It was as enigmatic to me as a Zen koan.

Hopefully the cyclone season is over, but here's a place to keep an eye on the next one: Tropical Storm Risk. This page is for the Indian Ocean, but it has links to other parts of the world as well.

Cafe Mocha

We went to Cafe Mocha, a new and fashionable place on newly fashionable Khader Nawaz Khan Road. It's a franchise of a popular cafe in Mumbai. Most of the tables are outside, in a cool and breezy area (not sure how it will be when the hot season strikes), floored with sand and strewn with an amazing miscellany of furniture. There is a long table with a water channel running down the middle and a Buddha's head at one end; there is a big wrought iron bed with a gaddi (thin mattress) with a small table placed on it -- the kind from which one might eat breakfast in bed. There are planter's chairs and sling chairs, rough granite slabs and barrels. There is Middle-Eastern music in the background, and hookahs to order, their peach-flavoured smoke filling the air.

It was bustling, even at 2:00 in the afternoon. Virtually everyone but us appeared to be under thirty, and there were many more women than men. Almost everyone wore jeans. I wondered if these were the call centre workers who are so much in the news these days, with some money to burn and plenty of time to sit around in the middle of the day.

I had a cafe zabaglione, which, according to the (large) menu, actually contained marsala; which is strange, because as far as I know, alocohol cannot be served in a restaurant in Tamil Nadu unless it is attached to a hotel with a certain amount of beds. There was probably no more than a teaspoon of it for flavour; maybe that doesn't count. Anyway, it was good, and so was the panino with cream cheese and japlapenos, served with a small dish of pesto.

R wasn't crazy about the sand-covered ground or the ragbag furniture; and I was trapped in a sling chair, with my posterior about one inch above the ground, and my knees unnervingly close to my chin. But I wanted to enjoy it, and I did. And the people around me seemed to be feeling the same way. All of this -- food, drink and ambience -- would have been unimaginably exotic a few years ago. Now, if not routine, at least it's available at several places around town. Chennai's changing.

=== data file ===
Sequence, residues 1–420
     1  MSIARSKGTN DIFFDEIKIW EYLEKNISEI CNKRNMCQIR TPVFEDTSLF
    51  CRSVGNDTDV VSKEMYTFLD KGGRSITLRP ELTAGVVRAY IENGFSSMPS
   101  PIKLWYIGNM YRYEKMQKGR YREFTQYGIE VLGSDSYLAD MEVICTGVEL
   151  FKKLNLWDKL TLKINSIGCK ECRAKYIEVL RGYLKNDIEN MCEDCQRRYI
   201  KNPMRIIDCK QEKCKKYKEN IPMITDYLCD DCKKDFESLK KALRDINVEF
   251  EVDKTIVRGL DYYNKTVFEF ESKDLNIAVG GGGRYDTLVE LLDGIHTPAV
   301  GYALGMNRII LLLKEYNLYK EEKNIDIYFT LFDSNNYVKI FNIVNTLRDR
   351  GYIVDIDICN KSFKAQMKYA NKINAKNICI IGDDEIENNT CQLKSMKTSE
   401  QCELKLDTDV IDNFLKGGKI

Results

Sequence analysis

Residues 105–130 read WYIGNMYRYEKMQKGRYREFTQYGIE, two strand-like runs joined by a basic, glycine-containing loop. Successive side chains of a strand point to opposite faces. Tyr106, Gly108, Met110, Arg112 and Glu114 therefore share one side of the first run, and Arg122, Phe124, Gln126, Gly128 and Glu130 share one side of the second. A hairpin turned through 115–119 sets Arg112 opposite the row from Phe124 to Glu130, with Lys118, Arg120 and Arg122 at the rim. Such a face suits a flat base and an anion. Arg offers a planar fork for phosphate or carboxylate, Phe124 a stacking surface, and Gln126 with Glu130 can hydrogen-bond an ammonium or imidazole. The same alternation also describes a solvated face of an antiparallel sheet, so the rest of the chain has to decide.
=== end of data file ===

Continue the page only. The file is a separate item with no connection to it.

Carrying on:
Teju Cole. A voice I've been missing.

Welcome, dear reader. This is my new web experiment. The experiment ends with the month of January, at which time I'll be going back into the woodwork where I came from.

But while it is around, I hope this blog proves to be a place for good stories, both in the main columns and in the comments boxes. Mostly, you can expect words and images related to a journey I made to Nigeria in December 2005, though from time to time I may stray from that brief. Blogging is public, but there's also an intensely private aspect to what I'm doing here, namely, working on my writing and photography. There can be a meaningful intersection between that private work and this public sphere. That's what I hope for in this brief sojourn in Blogistan. Thank you for reading and looking.

Both Feet on the Ground

Self-portrait on the first day of the new year